U.S. crude oil stockpiles rose unexpectedly last week to an all-time high as refiners boosted imports, particularly from Saudi Arabia, while exports dropped to lows not seen since November.
The Energy Information Administration also said on Wednesday that refined product demand ticked up, but still remained far below normal levels.
Crude inventories rose 5.7 million barrels in the week to June 5 to 538.1 million barrels, most in history, not including the U.S. strategic reserves, EIA data showed.
Shipments booked during the Saudi-Russia price war from March and April, when the kingdom ramped up exports sending U.S. prices to negative-$40 a barrel, have been arriving in the United States. Refiners’ imports of Saudi barrels have averaged more than 1.5 million barrels per day (bpd) for three consecutive weeks, which has not happened since 2013.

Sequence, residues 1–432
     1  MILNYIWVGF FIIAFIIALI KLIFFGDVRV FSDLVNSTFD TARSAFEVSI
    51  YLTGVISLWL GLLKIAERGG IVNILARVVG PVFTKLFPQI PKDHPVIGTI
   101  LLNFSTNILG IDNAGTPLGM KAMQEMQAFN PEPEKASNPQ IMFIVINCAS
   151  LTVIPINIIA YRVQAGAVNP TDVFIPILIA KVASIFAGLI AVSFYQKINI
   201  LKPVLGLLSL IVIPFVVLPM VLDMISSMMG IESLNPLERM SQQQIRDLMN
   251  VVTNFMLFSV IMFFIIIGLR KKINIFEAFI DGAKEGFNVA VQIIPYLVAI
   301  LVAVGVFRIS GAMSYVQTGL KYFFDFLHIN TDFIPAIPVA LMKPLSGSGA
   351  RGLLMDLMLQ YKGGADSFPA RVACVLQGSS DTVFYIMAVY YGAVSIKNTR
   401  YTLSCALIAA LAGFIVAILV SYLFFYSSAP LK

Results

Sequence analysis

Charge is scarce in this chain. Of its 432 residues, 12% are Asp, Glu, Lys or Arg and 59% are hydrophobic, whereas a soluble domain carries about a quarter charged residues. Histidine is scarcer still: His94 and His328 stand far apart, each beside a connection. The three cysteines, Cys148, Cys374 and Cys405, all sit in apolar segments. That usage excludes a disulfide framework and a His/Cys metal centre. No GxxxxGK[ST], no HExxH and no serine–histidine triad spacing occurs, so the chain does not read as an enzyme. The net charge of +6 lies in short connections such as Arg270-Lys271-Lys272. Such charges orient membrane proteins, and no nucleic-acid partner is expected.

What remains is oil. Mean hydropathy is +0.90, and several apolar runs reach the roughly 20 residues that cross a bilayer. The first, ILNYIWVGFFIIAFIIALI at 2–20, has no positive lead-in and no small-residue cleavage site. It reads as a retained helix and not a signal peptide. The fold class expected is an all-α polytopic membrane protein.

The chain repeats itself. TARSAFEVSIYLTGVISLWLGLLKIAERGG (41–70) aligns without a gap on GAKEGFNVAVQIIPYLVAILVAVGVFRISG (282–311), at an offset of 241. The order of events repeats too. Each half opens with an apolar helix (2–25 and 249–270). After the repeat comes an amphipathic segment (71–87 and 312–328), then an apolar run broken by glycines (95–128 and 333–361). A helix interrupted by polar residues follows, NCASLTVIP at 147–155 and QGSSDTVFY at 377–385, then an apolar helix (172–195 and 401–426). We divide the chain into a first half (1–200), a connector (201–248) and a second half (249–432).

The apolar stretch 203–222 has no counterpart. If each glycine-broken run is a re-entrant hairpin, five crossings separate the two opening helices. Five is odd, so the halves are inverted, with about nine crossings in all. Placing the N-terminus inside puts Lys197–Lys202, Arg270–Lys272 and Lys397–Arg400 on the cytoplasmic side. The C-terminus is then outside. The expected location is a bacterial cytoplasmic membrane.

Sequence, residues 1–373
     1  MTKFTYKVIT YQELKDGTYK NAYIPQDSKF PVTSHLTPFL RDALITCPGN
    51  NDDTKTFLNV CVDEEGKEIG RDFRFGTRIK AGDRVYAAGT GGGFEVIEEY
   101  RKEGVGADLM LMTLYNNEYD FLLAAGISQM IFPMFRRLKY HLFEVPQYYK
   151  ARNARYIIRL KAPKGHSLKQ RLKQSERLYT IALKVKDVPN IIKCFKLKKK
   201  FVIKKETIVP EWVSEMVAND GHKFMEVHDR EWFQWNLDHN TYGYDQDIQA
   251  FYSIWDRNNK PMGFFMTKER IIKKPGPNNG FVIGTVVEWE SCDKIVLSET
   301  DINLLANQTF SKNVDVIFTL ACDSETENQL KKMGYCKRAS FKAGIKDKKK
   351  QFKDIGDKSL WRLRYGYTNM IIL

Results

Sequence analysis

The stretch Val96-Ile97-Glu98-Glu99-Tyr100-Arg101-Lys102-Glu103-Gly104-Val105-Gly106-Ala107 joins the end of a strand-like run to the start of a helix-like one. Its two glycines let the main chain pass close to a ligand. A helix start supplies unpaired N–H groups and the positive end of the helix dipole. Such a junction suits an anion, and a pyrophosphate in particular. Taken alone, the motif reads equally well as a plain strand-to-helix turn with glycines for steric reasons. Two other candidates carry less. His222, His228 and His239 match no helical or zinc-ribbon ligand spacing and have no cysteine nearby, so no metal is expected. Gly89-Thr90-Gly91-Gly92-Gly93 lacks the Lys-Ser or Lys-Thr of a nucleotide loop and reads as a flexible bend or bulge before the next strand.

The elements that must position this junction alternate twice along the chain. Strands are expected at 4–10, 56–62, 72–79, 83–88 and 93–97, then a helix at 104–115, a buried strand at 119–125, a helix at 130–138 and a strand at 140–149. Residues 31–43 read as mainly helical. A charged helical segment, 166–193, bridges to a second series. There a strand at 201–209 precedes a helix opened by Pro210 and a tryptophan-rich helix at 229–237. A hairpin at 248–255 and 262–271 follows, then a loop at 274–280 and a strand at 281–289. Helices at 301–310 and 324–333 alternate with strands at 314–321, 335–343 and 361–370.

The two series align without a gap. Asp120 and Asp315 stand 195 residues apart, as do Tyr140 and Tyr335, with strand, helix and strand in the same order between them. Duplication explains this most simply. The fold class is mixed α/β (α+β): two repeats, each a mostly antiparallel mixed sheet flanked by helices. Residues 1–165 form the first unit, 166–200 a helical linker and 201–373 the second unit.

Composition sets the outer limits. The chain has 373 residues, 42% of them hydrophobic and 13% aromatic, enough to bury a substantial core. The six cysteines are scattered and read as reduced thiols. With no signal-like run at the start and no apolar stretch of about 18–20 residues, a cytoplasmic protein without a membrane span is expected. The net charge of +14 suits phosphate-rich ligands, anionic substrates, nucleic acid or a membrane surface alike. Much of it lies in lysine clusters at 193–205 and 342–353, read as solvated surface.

Crude inventories in the Gulf Coast import-export and refining hub jumped 6.9 million barrels to a record 303.7 million barrels. U.S. exports fell to 2.4 million bpd, their lowest since November, so overall net crude imports rose by 1 million bpd, the EIA said.
“These are bearish numbers really. Crude (stocks) rose again despite being stymied by subdued demand. We are down significantly from a year ago today and saw builds in products as well,” said Matt Smith, director of commodity research at Clipper Data.
Gasoline inventories rose 866,000 barrels, compared with analysts’ expectations for a 71,000-barrel rise. Distillate stockpiles, which include diesel and heating oil, increased by 1.6 million barrels.
Product supplied, a proxy for demand, showed gasoline consumption rebounded to 7.9 million bpd, still roughly 20% below the year-ago period, but an improvement from recent weeks. Overall gasoline demand is down 16% from a year ago.
Refinery utilization rates rose by 1.3 percentage points to 73.1% of capacity.
The market was lower after the data. U.S. crude futures fell 2% to $38.18 a barrel, while Brent was down 1.4% to $40.60 a barrel.